CD: Science fiction has always been written as kind of a riddle for the reader to figure out. The whole point is to stop the reader and force their imagination to conjure up something that would otherwise take thousands of words to describe. But even more so today we live in the age of Google. So writers should feel free to add in references that provide richness and depth to readers who take the time to look them up.

For example there’s a sequence in Rapture of the Nerds where Charlie wrote a reference to Hilbert’s hotel. We’re talking about an infinite simulated hotel that has been created by turning all of the moons of Jupiter into giant computers that are used to simulate it. I know Charlie wrote that because I’ve never heard of Hilbert’s hotel. But if you look it up as I did later, it’s rather funny. If you don’t look it up, it’s just a thing that your eye passes over. It’s just there for the reader who wants to find it.

RK: You co-wrote this book with Charles Stross by sending chapters back and forth and continuing each other’s plot lines. This is the third book you’ve done together like this. What was that process like this time?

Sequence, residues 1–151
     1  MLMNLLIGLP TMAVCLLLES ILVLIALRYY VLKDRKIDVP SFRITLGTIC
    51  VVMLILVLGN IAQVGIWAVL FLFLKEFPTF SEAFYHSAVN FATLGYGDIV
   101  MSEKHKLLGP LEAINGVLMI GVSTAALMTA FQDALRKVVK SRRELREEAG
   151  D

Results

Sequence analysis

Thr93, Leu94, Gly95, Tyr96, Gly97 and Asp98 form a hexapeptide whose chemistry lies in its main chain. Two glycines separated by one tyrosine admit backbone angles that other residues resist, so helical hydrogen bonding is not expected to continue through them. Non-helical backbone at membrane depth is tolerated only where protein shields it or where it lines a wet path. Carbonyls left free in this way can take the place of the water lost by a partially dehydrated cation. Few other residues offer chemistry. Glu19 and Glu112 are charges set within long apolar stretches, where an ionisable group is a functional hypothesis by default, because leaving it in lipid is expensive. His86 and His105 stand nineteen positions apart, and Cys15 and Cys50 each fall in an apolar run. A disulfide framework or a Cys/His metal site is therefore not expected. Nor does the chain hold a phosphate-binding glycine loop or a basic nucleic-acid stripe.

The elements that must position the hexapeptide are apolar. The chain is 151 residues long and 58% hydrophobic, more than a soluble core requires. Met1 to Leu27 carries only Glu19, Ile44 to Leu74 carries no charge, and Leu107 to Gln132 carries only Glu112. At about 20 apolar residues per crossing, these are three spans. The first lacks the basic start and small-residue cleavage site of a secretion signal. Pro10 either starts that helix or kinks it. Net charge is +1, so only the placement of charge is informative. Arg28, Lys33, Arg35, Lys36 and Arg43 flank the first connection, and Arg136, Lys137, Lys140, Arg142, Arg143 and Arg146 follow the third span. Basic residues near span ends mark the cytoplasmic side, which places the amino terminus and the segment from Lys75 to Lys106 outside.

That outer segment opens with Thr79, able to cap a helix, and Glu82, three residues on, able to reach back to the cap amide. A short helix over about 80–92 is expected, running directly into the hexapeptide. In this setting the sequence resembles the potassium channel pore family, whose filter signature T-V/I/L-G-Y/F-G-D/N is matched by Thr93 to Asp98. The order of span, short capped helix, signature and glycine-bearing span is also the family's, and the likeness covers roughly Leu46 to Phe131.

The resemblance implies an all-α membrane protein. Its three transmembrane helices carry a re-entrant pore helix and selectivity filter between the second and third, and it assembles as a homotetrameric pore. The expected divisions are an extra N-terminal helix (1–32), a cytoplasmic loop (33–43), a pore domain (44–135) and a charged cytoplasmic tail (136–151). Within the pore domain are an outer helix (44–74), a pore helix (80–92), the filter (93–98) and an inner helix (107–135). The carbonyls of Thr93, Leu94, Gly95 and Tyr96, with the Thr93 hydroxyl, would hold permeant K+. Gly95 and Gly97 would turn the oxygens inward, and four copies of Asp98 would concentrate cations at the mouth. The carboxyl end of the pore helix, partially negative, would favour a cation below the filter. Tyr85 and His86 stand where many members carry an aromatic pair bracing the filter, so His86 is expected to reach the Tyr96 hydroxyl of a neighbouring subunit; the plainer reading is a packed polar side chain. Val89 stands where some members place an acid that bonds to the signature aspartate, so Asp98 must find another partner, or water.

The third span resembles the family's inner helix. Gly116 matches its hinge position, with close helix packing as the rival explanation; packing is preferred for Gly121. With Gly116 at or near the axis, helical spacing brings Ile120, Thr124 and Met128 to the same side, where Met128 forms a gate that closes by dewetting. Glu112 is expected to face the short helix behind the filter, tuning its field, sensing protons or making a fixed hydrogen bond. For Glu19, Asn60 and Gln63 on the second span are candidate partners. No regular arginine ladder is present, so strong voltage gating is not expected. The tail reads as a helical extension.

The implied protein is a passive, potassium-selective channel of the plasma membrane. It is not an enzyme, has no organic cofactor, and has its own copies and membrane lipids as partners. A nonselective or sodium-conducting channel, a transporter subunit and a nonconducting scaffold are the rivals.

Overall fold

CD: I’d say that the first one was very easy in cycle. The second one was more difficult and a bit argumentative. This is where we kind of stalemated on each other’s edits. Like, “I don’t really see where you are going here.” That happened a lot more partly because we inherited the first story so we then had to write a piece that followed on naturally from that first story. And the third one I think was smooth again in part because we did more outlining for it and in part because we’d come a long way since then. We’d both written a lot more, we’d both collaborated a lot more.

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RK: You once said that “science fiction writers don’t predict the future (except accidentally), but if they’re very good, they may manage to predict the present.” A lot of your writing presents a world where technology will blend with everything (singularity). Is this a reality you can actually imagine occurring soon?

CD: Well, I think it’s more like we’re trying to expose the kind of historical and spiritual underpinnings of singularity thinking. Singularity looks like a response to technology and its acceleration. But, it can also be understood as a continuation of eschatological thought that has been going on for a very long time.

RK: Do you think there are limitations to technological invention?

CD: There are some limitations we understand very well. We’ll never get to the end of Pi. There’s a whole class of problems that are called NP-hard and NP-complete that involve things like the shortest route for a travelling salesmen to take among a bunch of cities, or the most sufficient way to pack a bag full of irregular objects. Both of those are considered insolvable problems above a certain level of complexity.